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Tuesday, November 8, 2011


And now for the film of the week...

 50/50 is that most tricky of balancing acts: a gut-wrenching drama about cancer that also happens to be consistently laugh-out-loud funny. That it's gut-wrenching isn't particularly surprising when you consider that, tragically, the topic of cancer (no play on "Tropic of Cancer" intended, smart asses) has probably ever been more relevant. It's hard to find anyone who hasn't tackled with this most infernal of infernal diseases in their own life, whether suffering personally or watching a loved one struggle with it. What makes 50/50 a truly worthwhile work, though, is its perfect use of well-timed comedy and properly-placed sentiment (a well-worn book in a bathroom, perhaps?) to elevate what could so easily have been an unpleasant, probably mawkish, masochistic viewing experience into something truly humane, uplifting and exquisitely moving. And, yes, at times very, very funny to boot.

Its story is a simple one. Adam (Joseph Gordon Levitt) is a young man who finds out that he has a rare form of spinal cancer and he soon finds out not just how he will be able to cope with a disease that has a 50% mortality rate (hence the title), but also who of his friends, family and acquaintances will truly be there for him when he needs them most. As the film unfolds Adam is confronted by a best friend (Seth Rogen) who seems more interested in using Adam's cancer as a way of getting them laid than anything else; a girlfriend (Bryce Dallas Howard) unable to cope with what the man she lives with is going through; a highly anxious mother (Anjelica Huston) who already is over-burdened by Adam's Alzheimer-riddled father and a young, newbie therapist (Anna Kendrick) who finds it increasingly impossible to connect with the man she is meant to be helping.

This clearly resembles nothing so much as  a recipe for a truly awful bit of schmaltzy melodrama but, almost miraculously, the end result is anything but. The reasons for this are multi-fold but the reason it plays so true to life presumably has a lot to do with the film's origins. The story being told is one that is largely and faithfully based on (SPOILER ALERT) the cancer-experience that the film's writer, Will Reiser, went through and on Seth Rogen's own friendship with Reiser during that period in his life. Not that being "based on a true story" is always a guarantee of authenticity or quality but it certainly helps in this case, as does Reiser's  unquestionable gift for crafting some genuinely witty, but still emotionally charged, dialogue.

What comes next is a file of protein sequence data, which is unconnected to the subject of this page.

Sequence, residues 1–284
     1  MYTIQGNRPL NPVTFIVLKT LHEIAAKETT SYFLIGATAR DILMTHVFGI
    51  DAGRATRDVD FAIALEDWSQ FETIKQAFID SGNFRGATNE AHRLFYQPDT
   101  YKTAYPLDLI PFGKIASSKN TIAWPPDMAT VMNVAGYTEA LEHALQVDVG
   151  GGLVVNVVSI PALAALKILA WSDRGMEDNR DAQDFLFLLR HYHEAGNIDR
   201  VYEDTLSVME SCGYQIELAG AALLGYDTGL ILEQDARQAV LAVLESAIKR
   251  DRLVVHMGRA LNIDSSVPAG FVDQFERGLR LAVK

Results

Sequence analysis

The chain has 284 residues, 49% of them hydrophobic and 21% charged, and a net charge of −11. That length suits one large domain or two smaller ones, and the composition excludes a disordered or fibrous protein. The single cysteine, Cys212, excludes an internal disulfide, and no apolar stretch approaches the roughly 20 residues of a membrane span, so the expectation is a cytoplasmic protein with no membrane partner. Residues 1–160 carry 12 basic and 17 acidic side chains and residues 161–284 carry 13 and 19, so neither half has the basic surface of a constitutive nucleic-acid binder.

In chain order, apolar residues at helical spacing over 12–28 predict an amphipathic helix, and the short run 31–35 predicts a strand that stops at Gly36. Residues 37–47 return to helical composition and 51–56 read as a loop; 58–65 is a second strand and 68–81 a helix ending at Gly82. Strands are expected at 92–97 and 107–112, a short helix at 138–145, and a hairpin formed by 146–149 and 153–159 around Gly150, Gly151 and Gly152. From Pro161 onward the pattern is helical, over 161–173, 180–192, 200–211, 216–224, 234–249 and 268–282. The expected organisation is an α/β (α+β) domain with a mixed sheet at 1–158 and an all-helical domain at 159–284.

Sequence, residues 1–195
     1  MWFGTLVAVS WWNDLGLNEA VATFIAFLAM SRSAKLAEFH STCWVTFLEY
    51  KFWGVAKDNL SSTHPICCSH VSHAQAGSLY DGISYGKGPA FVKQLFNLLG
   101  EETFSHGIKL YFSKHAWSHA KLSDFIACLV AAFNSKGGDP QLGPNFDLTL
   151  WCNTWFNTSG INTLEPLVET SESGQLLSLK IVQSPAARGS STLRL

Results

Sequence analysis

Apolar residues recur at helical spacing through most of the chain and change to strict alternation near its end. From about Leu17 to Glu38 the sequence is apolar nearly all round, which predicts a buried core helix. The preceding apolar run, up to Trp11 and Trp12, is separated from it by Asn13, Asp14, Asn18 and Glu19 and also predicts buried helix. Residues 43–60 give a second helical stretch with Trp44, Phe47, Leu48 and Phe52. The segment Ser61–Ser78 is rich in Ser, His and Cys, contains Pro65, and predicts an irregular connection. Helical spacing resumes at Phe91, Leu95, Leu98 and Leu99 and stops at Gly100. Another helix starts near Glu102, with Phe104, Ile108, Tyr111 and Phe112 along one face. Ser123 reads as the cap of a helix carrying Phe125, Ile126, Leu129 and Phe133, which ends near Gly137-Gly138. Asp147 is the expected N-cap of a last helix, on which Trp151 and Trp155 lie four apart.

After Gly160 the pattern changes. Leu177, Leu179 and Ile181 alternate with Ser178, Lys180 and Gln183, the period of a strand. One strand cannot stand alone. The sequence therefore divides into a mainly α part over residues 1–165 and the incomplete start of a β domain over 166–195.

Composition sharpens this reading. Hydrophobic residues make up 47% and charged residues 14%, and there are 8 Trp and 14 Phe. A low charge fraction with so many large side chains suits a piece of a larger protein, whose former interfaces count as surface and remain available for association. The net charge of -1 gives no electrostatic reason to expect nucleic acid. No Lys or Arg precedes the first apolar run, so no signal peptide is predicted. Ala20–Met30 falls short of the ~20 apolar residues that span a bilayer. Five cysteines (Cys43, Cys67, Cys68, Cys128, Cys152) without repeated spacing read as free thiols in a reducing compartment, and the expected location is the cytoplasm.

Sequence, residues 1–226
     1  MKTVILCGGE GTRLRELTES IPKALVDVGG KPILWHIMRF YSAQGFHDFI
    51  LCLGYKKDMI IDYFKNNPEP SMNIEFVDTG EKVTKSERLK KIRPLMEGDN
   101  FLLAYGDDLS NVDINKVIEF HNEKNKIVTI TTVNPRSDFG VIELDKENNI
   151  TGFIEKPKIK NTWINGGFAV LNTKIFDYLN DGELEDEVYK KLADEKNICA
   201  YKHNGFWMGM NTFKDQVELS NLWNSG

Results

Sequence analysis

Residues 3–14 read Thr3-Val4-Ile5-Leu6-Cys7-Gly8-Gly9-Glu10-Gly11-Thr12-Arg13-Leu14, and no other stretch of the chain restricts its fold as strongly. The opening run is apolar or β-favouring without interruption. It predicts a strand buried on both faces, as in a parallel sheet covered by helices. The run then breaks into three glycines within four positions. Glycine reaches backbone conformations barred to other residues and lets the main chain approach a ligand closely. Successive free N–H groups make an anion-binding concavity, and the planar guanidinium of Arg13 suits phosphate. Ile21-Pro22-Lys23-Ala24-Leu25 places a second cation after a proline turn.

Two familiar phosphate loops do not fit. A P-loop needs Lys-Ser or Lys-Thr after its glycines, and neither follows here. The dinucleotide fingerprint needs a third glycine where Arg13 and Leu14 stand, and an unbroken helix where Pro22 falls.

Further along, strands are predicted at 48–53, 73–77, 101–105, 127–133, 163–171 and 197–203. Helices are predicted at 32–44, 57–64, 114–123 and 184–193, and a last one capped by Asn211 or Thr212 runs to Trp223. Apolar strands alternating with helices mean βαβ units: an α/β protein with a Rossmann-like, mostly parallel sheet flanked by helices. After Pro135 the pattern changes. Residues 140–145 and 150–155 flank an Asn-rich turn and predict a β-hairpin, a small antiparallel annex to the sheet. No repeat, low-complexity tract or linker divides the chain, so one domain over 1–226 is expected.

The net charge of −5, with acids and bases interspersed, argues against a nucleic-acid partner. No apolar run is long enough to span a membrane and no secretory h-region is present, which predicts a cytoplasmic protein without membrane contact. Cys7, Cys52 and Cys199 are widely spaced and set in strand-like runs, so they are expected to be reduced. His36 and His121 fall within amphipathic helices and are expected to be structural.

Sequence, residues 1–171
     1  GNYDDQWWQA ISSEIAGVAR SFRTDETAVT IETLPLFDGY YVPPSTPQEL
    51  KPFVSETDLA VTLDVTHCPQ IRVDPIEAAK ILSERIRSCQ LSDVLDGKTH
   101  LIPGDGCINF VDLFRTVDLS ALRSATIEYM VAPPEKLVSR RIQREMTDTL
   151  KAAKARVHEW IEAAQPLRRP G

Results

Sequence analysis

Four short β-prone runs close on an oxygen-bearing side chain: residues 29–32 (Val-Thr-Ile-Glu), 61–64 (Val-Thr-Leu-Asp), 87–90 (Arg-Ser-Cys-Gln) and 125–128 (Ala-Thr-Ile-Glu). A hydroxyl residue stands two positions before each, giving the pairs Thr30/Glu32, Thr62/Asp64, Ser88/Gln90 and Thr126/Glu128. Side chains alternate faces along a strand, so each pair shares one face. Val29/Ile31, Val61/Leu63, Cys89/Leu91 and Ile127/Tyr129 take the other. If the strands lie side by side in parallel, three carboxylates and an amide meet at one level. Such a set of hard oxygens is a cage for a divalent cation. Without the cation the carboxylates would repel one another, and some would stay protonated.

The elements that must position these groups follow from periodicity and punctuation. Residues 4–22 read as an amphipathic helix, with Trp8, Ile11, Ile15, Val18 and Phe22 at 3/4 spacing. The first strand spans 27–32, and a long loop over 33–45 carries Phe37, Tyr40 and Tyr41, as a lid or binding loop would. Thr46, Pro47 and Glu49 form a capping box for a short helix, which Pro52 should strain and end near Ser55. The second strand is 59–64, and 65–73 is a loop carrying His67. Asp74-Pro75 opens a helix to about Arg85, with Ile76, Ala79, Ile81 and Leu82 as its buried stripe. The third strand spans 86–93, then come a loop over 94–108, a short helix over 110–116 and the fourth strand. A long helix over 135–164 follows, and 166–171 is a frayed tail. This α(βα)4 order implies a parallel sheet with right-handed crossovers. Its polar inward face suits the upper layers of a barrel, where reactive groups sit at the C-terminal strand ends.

Not to downplay indie director Jonathan Levine's subtle and subdued hand at bringing the material to life but the other essential ingredient in the film's success beyond Reiser's exceptional script is the wonderful cast of actors who bring all  of their considerable talents to this very personal story. Rogen, wisely playing a supporting role, hasn't been this good since his heyday in Freaks and Geeks and The 40 Year Old Virgin as he draws on his own life to add a real dramatic weight to his character, while also being responsible for most of the film's many funny moments.

Anjelica Huston, meanwhile, is her usually brilliant self, as she gives a potentially one-note character plenty of nuance, while Bryce Dallas Howard again plays the film's "villain" (and I use that term loosely) but she too is far more nuanced than she might seem at first. Best of all in the "best supporting actress" category, though, is Anna Kendrick whose character may stretch believability (if nothing else, surely a trainee psychotherapist/ psychiatrist working at a teaching hospital should have an immediate and constant supervisor?) but she brings such warmth, compassion and humour to the role - not to mention a lovely chemistry with Joseph Gordon Levitt - that it's impossible to leave the cinema without having fallen just a little bit in love with her.          

Best of all, though, and the central, beating heart of the film is the constantly terrific Joseph Gordon-Levitt who takes his considerable talents and ups them to a career-best performance. His already complex character becomes even more multi-faceted as his illness becomes more and more a reality for him and there isn't a character trait, emotion or tonal shift that he isn't ready for. Whether his character is wryly laid-back, suffering with the side-effects of chemotherapy or having an emotional breakdown, Gordon-Levitt is always up to the task and his hands, Adam is simply a very human character with whom we can relate, sympathize and, very simply, enjoy spending some time in his company.

50/50 is a somewhat difficult film to recommend simply because the subject it deals with is so painful to so many people but, if you can stomach it - and perhaps even if you can't - it is a very fine piece of filmmaking more than worth the investment of your money, time, energy and emotions.

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